The purpose of the present study was to investigate the ability of an infrared nonsurface contact temperature-monitoring device (Raytek Corporation, USA) to detect flap surface temperature. An infrared thermometer is a sensor that can measure an object’s temperature without any direct physical contact. We sought to determine if temperatures measured in this manner can accurately predict a trend in flap temperatures that correlates with anastomotic thrombosis and ultimate flap failure.
A retrospective review identified 47 free tissue transfers that underwent postoperative monitoring using a handheld non-contact infrared temperature-measuring device (DataTemp MX, Raytek Corporation, USA) at Erlanger Medical Center (Chattanooga, Tennessee) from October 2003 to April 2007. Simultaneous measurements of the free flap, adjacent skin and core body temperatures were evaluated. Comparison was made between the temperatures in the group of flaps that survived with the group of flaps that failed secondary to vessel thrombosis. Additionally, flap survival was correlated to patient demographics, patient characteristics (comorbidities, body mass index), flap characteristics (reason, type, recipient site, ischemic time), other methods of postoperative monitoring (Doppler, clinical evaluation) and secondary interventions.
Patient demographics and comorbidities are presented in Table 1. The average patient age was 42.4 years (range 13 to 83 years). Nearly one-half of the patients (47%) had history of tobacco use and 26% of patients routinely used alcohol. There were four diabetic patients and six patients with pre-existing pulmonary disease.
Sixty-eight per cent of patients (n=32) underwent free tissue transfer for closure of a traumatic soft tissue injury. There were nine flaps performed for soft tissue reconstruction of oncological defects, three for burn wound management with exposed bone and/or joint space, and three for chronic wound management. Four different types were used: rectus abdominis (n=31), latissimus (n=8), gracilis (n=4) and radial forearm fasciocutaneous (n=4). These flaps were used at five different recipient sites: leg (n=26), foot (n=9), mouth (n=5), arm (n=5) and scalp (n=2) (Table 2).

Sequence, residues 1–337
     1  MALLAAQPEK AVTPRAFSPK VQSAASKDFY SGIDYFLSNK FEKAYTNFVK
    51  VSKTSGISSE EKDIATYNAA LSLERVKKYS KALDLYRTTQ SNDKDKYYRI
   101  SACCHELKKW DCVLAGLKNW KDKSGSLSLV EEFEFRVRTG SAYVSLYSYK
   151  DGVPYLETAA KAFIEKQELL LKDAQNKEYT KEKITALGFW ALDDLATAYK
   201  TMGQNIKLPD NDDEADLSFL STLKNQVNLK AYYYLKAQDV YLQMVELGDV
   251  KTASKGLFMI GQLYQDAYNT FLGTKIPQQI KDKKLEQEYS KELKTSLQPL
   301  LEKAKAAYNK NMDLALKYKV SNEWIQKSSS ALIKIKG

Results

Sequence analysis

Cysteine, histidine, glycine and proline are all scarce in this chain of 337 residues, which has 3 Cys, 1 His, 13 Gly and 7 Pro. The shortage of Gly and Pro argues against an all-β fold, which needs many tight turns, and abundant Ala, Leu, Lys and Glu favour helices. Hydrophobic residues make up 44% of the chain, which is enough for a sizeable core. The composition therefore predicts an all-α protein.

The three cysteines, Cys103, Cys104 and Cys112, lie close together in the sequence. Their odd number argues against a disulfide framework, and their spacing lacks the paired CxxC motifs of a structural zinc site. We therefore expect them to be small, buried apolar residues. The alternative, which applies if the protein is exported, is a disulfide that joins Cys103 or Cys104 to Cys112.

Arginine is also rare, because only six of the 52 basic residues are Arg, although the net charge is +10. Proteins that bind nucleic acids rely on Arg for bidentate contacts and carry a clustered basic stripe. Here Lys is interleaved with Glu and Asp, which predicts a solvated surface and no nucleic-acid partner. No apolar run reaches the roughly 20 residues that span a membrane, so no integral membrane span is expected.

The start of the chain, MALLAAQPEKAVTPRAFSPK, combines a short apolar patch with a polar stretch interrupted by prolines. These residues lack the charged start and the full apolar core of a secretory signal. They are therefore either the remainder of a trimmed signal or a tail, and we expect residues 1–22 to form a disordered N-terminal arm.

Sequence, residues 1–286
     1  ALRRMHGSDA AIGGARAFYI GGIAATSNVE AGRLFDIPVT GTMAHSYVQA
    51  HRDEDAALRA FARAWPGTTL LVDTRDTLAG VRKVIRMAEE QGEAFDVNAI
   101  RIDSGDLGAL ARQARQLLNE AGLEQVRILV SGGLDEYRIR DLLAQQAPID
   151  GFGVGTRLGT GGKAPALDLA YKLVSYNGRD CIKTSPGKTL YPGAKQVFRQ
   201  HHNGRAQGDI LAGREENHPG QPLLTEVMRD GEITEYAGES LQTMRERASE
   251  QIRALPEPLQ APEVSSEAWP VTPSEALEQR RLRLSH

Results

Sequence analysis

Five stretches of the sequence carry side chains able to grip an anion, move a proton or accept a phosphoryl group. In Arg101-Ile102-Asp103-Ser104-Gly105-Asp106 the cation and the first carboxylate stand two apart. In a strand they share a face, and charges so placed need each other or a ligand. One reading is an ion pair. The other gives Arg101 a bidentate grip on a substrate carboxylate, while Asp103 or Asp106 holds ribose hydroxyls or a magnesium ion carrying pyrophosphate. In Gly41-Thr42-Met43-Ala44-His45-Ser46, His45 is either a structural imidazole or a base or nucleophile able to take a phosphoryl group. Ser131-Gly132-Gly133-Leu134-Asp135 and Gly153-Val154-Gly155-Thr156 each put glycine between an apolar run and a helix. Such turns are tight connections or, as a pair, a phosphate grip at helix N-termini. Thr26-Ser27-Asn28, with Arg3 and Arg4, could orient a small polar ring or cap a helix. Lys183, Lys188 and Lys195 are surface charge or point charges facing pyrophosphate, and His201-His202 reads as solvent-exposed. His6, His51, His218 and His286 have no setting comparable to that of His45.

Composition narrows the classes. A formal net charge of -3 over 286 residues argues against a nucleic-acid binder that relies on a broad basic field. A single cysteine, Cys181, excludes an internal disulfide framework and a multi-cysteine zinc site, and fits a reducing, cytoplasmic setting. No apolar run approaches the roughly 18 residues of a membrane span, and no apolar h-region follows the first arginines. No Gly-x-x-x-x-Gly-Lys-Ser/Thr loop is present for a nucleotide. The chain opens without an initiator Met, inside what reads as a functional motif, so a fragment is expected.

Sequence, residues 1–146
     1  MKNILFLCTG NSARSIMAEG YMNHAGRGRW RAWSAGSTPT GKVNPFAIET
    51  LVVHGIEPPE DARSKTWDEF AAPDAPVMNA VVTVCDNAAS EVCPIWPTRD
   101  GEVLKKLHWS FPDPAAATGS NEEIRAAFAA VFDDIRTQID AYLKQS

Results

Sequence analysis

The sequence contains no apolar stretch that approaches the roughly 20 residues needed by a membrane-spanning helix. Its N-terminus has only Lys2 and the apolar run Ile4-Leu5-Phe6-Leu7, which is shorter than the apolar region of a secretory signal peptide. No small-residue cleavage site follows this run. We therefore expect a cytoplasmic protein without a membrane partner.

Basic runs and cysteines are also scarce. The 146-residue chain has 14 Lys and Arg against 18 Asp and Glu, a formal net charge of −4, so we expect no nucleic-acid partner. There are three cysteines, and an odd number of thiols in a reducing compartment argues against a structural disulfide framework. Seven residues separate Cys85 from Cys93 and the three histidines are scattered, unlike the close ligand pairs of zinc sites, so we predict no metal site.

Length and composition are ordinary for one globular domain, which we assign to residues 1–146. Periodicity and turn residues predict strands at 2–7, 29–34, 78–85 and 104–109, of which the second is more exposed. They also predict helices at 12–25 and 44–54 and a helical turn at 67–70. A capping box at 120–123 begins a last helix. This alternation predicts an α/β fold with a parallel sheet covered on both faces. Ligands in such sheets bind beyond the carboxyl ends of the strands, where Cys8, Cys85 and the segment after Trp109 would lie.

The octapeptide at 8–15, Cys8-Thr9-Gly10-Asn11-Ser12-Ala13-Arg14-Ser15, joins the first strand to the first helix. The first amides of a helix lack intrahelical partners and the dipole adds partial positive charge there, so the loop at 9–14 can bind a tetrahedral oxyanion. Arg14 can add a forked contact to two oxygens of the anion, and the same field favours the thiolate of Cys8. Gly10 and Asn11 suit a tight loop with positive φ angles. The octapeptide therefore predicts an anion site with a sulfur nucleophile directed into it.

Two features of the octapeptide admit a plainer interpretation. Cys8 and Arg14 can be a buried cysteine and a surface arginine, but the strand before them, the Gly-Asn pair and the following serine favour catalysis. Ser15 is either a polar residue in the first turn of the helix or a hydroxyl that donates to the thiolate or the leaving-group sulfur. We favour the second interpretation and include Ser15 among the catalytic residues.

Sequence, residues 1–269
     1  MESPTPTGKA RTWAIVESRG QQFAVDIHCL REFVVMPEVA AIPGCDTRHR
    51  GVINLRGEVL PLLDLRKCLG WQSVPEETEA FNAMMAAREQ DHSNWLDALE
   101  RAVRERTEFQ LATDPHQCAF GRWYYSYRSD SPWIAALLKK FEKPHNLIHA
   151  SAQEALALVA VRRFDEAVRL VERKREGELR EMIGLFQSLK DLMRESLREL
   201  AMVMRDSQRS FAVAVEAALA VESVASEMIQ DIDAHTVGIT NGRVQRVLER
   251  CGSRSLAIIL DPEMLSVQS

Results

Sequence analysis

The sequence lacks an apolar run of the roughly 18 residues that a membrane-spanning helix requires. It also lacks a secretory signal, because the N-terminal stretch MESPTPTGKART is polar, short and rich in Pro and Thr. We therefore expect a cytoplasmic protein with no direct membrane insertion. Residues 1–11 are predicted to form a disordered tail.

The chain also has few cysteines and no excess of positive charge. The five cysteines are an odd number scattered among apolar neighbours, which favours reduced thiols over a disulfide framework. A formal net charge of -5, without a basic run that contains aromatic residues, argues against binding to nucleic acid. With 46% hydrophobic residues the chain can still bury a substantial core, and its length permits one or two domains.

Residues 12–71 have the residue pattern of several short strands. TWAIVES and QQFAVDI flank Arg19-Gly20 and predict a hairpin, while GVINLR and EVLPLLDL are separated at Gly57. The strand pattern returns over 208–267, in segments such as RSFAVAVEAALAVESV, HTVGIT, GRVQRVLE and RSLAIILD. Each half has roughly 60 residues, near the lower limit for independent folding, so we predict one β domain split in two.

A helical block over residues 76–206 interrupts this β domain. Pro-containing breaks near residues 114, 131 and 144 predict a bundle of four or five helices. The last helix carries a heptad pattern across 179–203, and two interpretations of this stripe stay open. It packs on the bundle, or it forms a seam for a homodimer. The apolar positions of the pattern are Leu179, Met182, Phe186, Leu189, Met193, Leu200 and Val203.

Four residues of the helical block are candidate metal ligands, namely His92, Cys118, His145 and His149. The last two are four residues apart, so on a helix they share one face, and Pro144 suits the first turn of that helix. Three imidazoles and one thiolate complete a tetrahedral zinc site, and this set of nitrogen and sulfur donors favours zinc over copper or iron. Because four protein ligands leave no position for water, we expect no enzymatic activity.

Upon arrival to the intensive care unit for postoperative management, free flap temperature, adjacent skin temperature and core body temperature were recorded every hour for 24 h. Simultaneous presence of Doppler signals was also recorded. Ambient temperature was kept at a standard 26.7°C (80°F). After 24 h, if the flap had maintained a steady temperature and clinical evaluation was satisfactory, monitoring intervals were increased to every 2 h. Forty-eight hours postoperatively, if similar results were found indicating flap viability, the time interval was again increased to every 4 h.
Nurses were instructed to obtain temperatures in a standardized fashion by pointing the infrared temperature device at a previously marked spot on the flap while holding the device approximately 15 cm to 30 cm (6 in to 12 in) from the flap. The device has a single dot laser sighting system that helps with reproducibility of measurements. The temperature is displayed on the unit’s liquid crystal display screen. After flap temperature recording, adjacent nonflap skin temperature was measured in a similar fashion. The corresponding core body temperature was also recorded.
Differences in temperature between flap survival and flap failure groups were evaluated for statistical significance using the Student’s t test (P<0.05). In addition to this, a single variable analysis was performed on 30 different flap characteristics to evaluate for their prediction of flap failure. Statistical difference for the single variable analysis was performed using both the Fisher’s exact test and the Kaplan-Meier analysis, and the log-rank test (Mantel-Cox test). P<0.05 was considered to be significant.
Of 47 free tissue transfers, there were eight failures (17%). Five flaps in the series were re-explored for presumed vascular thrombosis. The indication for exploration was derived from a combination of clinical evaluation, loss of Doppler signal and decrease in flap temperature. Of the five flaps that were explored, only one was salvaged. One flap died despite revision of the anastomosis; three flaps were deemed unsalvageable at re-exploration. Of the three flaps that were deemed unsalvageable, one had a patent arterial anastomosis with a thrombosis of the venous anastomosis, one was infected, and the last was deemed nonviable with no other information. The three failed flaps that were not explored died a slow progressive death due to presumed secondary thrombosis of the microcirculation. These flaps had continued presence of Doppler signals despite duskiness of the muscle and patent anastomoses at the time of muscle debridement.